These are preliminary reports that have not been peer-reviewed. They should not be regarded as conclusive, guide clinical practice/health-related behavior, or be reported in news media as established information. For more information, please see our FAQs.
5 files

Visible Light Promoted Functionalisation of Carbon-Carbon Sigma Bonds

submitted on 05.04.2019, 14:01 and posted on 08.04.2019, 14:48 by Jeremy Nugent, Carlos Arroniz, Bethany Shire, Alistair J. Sterling, Helena D. Pickford, Marie L. J. Wong, Steven J. Mansfield, Dimitri F. J. Caputo, Benjamin Owen, James J. Mousseau, Fernanda Duarte, Edward Anderson

The use of visible light to activate transition metal catalysts towards redox processes has transformed the way organic molecules can be constructed. Promotion of an electron to an excited state enables the generation of organic radicals through electron transfer to or from the metal complex, with the resulting radicals primed for reactions such as addition to carbon–carbon pi bonds. Despite advances in photoredox catalysis which have led to the discovery of numerous such methods for bond construction, this mild approach to the generation of free radicals has not been applied to the functionalisation of carbon–carbon sigmabonds. Here we report the first such use of photoredox catalysis to promote the addition of organic halides to the caged carbocycle [1.1.1]propellane; the products of this process are bicyclo[1.1.1]pentanes (BCPs), motifs that are of high importance as bioisosteres in the pharmaceutical industry, and in materials applications. The methodology shows broad substrate scope and functional group tolerance, and is applicable to both sp2and sp3carbon–halogen bonds, while the use of substrates containing alkene acceptors enables the single-step construction of polycyclic bicyclopentane products through cyclisation cascades. Finally, the potential to accelerate drug discovery is demonstrated through examples of late-stage bicyclopentylation to access natural product- and drug-like molecules.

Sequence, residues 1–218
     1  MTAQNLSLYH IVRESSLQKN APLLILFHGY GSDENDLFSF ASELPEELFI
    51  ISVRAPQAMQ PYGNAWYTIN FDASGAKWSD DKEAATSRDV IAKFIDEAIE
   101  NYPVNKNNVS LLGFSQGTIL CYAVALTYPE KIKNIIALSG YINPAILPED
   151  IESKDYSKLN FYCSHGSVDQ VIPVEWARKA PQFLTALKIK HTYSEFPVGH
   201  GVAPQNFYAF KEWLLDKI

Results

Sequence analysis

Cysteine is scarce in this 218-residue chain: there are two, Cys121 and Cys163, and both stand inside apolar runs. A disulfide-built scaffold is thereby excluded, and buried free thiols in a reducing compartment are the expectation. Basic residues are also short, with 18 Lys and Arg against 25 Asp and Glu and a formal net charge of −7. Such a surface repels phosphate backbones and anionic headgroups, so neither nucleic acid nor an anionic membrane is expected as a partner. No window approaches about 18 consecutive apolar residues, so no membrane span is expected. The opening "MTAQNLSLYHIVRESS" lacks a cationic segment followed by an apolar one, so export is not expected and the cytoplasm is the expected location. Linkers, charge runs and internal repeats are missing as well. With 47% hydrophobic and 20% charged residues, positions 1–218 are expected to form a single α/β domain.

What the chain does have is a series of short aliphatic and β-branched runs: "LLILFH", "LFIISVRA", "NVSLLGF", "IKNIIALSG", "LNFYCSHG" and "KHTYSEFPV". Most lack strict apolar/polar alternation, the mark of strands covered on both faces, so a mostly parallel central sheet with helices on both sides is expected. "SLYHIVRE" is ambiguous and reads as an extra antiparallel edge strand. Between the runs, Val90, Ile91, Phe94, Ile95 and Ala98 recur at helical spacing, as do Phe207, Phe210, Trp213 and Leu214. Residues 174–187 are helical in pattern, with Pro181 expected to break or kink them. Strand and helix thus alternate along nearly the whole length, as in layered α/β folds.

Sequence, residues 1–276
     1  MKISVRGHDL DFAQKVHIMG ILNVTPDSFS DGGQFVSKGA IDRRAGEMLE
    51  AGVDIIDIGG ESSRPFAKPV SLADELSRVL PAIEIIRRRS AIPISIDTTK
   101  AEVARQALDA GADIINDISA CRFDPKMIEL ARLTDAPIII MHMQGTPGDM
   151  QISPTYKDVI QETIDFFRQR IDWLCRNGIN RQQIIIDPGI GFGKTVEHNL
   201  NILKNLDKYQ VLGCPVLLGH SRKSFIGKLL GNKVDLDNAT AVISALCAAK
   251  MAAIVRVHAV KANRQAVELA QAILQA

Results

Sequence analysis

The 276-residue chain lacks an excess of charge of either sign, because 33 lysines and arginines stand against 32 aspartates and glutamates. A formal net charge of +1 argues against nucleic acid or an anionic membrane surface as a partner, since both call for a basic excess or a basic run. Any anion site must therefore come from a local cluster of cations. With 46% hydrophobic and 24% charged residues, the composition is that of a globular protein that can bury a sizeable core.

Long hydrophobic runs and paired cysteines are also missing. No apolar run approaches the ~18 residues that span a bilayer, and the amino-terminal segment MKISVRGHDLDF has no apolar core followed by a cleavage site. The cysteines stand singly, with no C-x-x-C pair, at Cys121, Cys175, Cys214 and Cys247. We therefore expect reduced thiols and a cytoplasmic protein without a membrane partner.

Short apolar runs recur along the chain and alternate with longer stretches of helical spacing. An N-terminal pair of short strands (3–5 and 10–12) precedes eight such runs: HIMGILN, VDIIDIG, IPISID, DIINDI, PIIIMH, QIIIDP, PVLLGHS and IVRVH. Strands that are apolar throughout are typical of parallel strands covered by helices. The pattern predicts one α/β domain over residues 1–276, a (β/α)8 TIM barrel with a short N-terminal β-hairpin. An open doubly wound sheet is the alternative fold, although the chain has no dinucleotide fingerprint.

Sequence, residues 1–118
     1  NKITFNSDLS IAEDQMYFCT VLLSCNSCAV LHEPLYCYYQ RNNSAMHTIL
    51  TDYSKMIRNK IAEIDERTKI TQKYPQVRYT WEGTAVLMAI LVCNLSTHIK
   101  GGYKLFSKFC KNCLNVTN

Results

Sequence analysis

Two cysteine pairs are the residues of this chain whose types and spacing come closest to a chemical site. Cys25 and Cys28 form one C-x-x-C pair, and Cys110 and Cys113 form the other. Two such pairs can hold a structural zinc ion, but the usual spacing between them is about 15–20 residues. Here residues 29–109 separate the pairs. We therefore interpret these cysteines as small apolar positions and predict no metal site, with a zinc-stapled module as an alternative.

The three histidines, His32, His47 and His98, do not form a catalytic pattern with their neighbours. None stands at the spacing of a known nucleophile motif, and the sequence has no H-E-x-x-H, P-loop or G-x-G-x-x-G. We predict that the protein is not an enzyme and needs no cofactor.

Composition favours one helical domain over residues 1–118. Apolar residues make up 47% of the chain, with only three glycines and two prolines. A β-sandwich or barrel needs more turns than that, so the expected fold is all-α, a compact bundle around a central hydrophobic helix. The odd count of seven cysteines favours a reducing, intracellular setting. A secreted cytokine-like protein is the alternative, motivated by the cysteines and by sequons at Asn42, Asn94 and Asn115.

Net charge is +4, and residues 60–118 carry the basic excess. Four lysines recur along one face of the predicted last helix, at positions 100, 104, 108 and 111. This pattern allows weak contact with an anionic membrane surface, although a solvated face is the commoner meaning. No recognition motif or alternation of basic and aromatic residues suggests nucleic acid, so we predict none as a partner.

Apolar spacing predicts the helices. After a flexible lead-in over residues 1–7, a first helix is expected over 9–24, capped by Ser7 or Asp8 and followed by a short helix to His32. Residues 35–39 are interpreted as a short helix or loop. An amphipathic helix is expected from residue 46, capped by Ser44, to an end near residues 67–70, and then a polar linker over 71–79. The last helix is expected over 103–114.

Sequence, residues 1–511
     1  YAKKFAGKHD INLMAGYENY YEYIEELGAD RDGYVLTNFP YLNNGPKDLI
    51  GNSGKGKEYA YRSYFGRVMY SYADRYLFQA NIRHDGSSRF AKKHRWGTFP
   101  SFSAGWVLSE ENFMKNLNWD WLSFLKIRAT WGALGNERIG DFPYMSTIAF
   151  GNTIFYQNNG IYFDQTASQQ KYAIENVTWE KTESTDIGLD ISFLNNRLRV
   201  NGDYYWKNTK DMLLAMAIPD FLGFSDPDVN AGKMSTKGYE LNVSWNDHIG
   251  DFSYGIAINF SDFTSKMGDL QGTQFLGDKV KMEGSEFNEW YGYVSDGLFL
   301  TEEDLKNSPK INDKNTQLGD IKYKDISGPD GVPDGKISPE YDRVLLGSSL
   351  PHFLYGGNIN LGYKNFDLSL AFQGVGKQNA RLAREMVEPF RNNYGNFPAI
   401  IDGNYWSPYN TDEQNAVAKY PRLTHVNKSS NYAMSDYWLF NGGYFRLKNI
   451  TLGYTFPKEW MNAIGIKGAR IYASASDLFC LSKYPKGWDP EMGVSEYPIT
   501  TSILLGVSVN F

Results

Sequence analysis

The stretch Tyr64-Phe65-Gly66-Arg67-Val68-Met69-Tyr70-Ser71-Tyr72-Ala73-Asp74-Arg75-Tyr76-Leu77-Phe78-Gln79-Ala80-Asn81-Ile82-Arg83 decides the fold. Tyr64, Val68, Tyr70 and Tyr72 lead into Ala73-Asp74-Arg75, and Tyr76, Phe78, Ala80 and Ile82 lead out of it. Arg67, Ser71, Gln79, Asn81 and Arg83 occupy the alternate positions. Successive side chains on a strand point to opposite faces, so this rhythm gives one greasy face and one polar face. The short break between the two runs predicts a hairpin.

Marie Skłodowska-Curie GA No 786683


Email Address of Submitting Author


University of Oxford


United Kingdom

ORCID For Submitting Author


Declaration of Conflict of Interest

There are no conflicts to declare